Taking The Bus From Dubrovnik To Kotor Is Super Simple!
Lots of people wonder about the different ways to get from Dubrovnik to Kotor. We thought the same thing… and then we did the trip ourselves! In short, it’s really simple by bus but there are other ways.
You can go from Dubrovnik to Kotor by car – it would be along the same route the bus takes! Because it’s so close, lots of people take the bus to do a Dubrovnik to Kotor day trip. Not a bad idea!
For the most part, however, travellers had large bags so it’s definitely a one-way route into Montenegro to Budva, Ulcinj, and beyond as well!
Here’s our guide to the bus stations, where you buy bus tickets for the trip from Dubrovnik to Kotor, the cost, and what you can expect based on our experience of the journey!
General Information on the Bus From Dubrovnik to Kotor
There are several different buses throughout the day. Generally, the frequency increases in the summer months. You can check the timetable on Bus Croatia and getbybus.com.
We bought the tickets a couple of days before departure at the bus station in Dubrovnik to make sure we had tickets for the day and time we wanted.
- Price: 135 kuna/person (just over 20 USD)
- Time it Takes: Approximately 3 hours, but expect delays at the border in the high season.
Since it is a pretty popular route we would recommend that you also buy the ticket in advance to make sure that you get the bus at the time you want.
It was one of the most crowded buses we had been on in the Balkans and it wasn’t even high season yet. You could also consider a beautiful guided day trip from Dubrovnik to Kotor if you didn’t want to bus it on your own!
We read on another website after we had done the trip (not a blogger, but a transport site) that the buses on the Dubrovnik-Kotor line have “air conditioning, wifi, plugs, and televisions”. Don’t rely on that!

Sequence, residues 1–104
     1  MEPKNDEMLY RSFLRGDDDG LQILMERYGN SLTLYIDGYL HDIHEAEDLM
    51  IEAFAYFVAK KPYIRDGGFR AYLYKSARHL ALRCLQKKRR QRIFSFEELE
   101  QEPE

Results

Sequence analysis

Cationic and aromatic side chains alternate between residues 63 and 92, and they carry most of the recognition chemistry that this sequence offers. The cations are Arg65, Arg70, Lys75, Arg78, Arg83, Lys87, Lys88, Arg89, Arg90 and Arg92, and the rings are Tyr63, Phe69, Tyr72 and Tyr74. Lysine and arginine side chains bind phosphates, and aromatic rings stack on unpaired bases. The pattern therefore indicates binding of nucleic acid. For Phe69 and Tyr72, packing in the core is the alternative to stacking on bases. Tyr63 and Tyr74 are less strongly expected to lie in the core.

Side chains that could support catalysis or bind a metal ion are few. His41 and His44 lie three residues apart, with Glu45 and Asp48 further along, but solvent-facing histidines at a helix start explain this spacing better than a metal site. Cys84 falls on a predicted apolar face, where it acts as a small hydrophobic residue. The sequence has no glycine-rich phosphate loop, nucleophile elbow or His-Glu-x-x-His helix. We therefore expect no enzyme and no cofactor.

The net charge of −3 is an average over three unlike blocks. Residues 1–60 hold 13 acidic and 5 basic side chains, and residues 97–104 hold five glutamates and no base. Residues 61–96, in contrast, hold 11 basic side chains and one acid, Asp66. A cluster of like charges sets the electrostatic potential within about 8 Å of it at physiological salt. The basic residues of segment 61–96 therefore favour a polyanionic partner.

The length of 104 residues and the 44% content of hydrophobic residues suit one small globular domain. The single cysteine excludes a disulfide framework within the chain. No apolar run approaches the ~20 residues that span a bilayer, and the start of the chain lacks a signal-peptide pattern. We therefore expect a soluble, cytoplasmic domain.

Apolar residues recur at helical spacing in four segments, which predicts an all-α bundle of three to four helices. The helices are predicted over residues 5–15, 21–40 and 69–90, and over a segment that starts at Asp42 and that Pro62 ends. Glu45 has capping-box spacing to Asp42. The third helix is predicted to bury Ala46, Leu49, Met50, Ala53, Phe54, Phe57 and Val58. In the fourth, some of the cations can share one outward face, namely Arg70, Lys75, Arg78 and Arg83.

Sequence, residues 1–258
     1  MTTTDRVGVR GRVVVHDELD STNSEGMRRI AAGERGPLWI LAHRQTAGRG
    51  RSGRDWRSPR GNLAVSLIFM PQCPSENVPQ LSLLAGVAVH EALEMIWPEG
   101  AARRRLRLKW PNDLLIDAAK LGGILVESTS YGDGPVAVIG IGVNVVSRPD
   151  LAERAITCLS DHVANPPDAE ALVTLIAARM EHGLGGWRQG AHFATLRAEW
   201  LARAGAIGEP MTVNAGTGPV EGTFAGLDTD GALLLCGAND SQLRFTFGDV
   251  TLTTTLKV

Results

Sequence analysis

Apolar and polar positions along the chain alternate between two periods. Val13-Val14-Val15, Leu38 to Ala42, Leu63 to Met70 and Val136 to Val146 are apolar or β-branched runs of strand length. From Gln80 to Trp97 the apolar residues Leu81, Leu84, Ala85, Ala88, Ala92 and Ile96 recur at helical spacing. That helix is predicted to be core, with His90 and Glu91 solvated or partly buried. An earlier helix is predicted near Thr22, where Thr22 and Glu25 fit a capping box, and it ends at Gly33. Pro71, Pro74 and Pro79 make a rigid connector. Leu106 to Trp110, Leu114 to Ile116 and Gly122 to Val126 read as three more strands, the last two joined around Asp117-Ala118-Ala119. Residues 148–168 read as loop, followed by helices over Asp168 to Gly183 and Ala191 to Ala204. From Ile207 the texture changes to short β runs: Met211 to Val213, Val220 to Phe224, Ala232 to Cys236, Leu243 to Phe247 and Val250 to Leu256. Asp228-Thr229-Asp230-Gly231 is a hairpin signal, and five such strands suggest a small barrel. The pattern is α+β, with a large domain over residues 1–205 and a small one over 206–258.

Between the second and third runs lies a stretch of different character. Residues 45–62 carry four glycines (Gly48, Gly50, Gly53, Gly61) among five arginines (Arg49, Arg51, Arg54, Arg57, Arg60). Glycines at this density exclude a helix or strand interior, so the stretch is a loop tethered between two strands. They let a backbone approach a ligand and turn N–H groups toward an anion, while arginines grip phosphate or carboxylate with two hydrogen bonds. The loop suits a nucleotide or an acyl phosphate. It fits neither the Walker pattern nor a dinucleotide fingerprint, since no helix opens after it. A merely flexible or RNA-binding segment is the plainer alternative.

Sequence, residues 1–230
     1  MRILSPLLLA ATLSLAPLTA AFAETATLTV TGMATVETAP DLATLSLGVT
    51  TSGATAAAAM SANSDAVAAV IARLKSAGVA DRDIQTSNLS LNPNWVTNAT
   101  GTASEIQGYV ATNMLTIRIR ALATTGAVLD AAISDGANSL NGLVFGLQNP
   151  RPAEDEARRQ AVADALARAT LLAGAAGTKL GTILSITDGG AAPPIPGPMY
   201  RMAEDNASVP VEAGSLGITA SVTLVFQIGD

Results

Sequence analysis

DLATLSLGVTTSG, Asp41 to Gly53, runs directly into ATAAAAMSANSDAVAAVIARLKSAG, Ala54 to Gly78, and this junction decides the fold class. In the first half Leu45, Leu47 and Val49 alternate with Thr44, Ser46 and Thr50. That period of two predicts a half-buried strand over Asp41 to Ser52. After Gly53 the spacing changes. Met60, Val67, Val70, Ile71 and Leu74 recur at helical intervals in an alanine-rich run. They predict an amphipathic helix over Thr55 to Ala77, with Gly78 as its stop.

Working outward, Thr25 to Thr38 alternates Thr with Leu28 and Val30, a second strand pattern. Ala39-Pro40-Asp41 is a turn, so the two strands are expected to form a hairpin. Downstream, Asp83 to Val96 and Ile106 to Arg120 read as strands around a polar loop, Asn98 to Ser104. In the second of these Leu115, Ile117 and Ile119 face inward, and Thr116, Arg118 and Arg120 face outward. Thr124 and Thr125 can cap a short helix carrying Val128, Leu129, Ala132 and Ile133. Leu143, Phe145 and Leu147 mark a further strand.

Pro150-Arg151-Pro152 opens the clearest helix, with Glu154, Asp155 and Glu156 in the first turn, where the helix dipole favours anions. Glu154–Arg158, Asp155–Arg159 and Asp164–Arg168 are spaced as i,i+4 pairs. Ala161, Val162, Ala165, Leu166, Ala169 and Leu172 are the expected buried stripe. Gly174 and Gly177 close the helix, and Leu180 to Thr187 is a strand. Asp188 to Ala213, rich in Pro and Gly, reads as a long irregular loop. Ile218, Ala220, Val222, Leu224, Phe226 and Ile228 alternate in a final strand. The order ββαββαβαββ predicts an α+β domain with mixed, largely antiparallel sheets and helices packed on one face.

CroatiaBus had a tv on the bus, but it sure wasn’t turned on. Nor was the wifi. The air vent was working and was quite nice but don’t expect luxury. These are just normal coach buses – which suited us just fine.
To be honest, saying the buses have wifi is a little dangerous because if a traveller reads that and then thinks they can plan ahead while on the bus to find, for example, their accommodation they won’t be able to.
We always screenshot the directions and Google Maps before we start any transition – just in case. In conclusion: Don’t expect wifi on Balkan buses and don’t believe everything that is written online. There are so many different bus companies.
Getting Onto The Bus
As is the norm in Croatia, you’ll have to put your bigger bags in the storage rooms underneath the bus.
This is not free – when we took the Bus from Dubrovnik to Kotor it cost 1 Euro (or 10 Kuna) per bag. The kuna amount might vary with the euro exchange rate and the bus driver, though.
You’ll get a piece of paper with a number for your luggage. Now, we thought that you get it so that at the end of the journey they can make sure that people collect the right luggage and nothing gets stolen.
Honestly though, nobody has ever checked or asked for this piece of paper at the end of a trip. Just in case, be sure to keep it anyway!